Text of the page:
The NYPD will hire almost 1,300 more cops, under a deal struck by Mayor Bill de Blasio and City Council Speaker Melissa Mark-Viverito.
The deal is a concession that follows months of the mayor insisting the city didn't need any more officers and the money should go to other budgetary needs.
Relenting to pressure from the council and his own police commissioner, de Blasio and his budget negotiators agreed to the first major head count increase in years: boosting the force beyond its current 35,000 officers. The pact came Monday as part of the $78.5 billion budget deal for the 2016 fiscal year, which starts July 1 of this year.
The deal was sealed late Monday night with a ceremonial handshake in the City Hall rotunda.
All of the 1,297 officers to be hired are expected come aboard by next July. About 300 cops will be focused on counterterrorism, and the rest will be part of a "pioneering neighborhood policing strategy."
"What it means is really a comprehensive new approach that revolutionizes the way we bring police and community together," de Blasio said in announcing the agreement.
He said more details will be released in coming days.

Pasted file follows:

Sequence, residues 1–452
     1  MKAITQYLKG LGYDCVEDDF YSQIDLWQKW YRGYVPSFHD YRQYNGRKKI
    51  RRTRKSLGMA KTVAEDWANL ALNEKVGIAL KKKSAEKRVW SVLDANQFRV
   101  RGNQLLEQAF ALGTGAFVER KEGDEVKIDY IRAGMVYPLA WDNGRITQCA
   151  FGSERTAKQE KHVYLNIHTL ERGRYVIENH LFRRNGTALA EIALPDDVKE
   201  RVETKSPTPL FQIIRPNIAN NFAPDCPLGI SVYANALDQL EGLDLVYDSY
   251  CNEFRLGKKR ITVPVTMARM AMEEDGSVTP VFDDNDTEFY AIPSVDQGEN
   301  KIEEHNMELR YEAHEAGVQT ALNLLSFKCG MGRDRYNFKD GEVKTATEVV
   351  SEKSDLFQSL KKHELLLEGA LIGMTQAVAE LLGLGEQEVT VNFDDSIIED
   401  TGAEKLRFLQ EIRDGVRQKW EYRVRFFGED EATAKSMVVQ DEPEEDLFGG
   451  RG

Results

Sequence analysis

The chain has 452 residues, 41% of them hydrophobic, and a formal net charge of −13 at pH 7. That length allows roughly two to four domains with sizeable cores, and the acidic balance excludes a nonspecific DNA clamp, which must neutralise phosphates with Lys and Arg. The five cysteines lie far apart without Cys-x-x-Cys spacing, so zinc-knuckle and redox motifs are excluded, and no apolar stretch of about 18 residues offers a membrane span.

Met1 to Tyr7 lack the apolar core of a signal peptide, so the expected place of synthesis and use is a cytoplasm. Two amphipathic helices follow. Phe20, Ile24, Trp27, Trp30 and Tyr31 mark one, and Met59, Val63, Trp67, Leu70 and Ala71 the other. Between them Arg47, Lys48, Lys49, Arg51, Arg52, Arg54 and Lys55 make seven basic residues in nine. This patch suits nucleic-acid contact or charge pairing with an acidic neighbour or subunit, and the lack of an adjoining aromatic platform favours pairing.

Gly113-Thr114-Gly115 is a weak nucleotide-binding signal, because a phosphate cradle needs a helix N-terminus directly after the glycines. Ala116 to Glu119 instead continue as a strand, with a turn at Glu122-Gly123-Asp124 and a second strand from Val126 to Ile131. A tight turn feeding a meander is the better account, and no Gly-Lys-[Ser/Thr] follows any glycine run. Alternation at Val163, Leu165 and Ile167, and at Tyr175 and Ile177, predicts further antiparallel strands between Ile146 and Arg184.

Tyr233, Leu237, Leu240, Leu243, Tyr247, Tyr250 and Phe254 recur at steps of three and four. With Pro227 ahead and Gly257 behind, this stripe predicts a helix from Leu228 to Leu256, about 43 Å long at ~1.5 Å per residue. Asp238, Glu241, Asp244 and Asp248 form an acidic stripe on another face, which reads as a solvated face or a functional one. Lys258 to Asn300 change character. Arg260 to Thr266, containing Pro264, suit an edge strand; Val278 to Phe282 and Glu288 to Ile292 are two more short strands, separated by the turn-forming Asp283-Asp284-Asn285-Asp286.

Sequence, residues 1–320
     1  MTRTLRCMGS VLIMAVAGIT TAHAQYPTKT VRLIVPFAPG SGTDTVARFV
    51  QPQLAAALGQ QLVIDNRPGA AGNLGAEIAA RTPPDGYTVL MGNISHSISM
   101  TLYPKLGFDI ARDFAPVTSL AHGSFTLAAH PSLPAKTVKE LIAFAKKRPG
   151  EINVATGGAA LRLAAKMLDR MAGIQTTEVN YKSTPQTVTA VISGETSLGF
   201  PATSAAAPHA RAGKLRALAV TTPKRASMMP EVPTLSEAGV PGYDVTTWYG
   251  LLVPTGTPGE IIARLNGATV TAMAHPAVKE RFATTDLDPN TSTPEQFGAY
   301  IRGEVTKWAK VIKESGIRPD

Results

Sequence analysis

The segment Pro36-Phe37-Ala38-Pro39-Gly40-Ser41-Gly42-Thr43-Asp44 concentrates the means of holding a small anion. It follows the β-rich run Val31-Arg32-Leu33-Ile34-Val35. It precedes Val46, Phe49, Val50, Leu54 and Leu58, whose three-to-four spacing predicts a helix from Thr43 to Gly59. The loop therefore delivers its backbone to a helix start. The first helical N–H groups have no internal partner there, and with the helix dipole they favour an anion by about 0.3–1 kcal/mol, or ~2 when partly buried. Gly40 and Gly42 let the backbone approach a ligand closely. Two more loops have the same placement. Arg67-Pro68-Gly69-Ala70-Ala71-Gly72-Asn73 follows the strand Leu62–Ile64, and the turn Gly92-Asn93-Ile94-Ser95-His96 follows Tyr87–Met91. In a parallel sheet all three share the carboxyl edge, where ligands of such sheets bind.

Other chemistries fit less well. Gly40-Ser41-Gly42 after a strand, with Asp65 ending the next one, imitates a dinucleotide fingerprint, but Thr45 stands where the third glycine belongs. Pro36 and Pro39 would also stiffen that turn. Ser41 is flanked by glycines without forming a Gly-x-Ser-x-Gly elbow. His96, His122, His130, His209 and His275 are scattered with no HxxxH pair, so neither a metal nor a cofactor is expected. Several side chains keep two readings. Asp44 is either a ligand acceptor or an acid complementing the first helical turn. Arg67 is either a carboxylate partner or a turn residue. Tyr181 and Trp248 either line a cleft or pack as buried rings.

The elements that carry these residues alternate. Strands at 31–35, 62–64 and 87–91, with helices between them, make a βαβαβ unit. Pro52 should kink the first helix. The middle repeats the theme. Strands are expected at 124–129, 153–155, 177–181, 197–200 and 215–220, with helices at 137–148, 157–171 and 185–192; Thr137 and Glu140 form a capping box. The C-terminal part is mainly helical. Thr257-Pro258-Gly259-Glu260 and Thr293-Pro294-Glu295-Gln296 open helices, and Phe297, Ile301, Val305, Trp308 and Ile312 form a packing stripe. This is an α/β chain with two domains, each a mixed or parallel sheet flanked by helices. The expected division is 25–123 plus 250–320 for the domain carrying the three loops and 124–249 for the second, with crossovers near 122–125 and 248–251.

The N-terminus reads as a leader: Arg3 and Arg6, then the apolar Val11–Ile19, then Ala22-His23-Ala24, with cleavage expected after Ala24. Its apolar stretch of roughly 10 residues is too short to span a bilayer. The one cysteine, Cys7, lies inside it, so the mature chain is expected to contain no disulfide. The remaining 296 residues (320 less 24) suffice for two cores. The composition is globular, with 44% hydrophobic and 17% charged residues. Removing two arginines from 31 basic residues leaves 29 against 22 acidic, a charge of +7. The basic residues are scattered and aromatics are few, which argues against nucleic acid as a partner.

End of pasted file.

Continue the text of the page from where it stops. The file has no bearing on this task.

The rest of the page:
The officers' cost is about $170 million, with savings of about $70 million from civilianization of some jobs currently done by cops and an overtime cap. The administration did not yet have details of what the cap entails.
For months, de Blasio had said the NYPD could protect the city from terrorism and keep crime at record lows with its current resources. At the same time, Police Commissioner William Bratton repeatedly said he needed the cops, expected to get them and aligned himself with the council on the issue.
De Blasio's proposed budget, released in May at $78.3 billion, provided for no increase. The council had asked for 1,000 officers. The council said the new police officers are needed to help the NYPD do so-called community policing, repair relationships with minority communities and control overtime costs.
A similar effort last year by the council to hire more officers was unsuccessful, but the council, led by Mark-Viverito (D-Manhattan), renewed the push this year. The budget also provides a $1.4 million bail fund to keep the poorest defendants arrested on low-level charges out of jail.
Foes of Bratton and his policing philosophy have held demonstrations and taken to Twitter to protest any increase in the force. Monday night, Josmar Trujillo of New Yorkers Against Bratton accused the mayor and council of "appeasing the police commissioner" and police unions. "We'll have something to say about this in the streets soon," he said.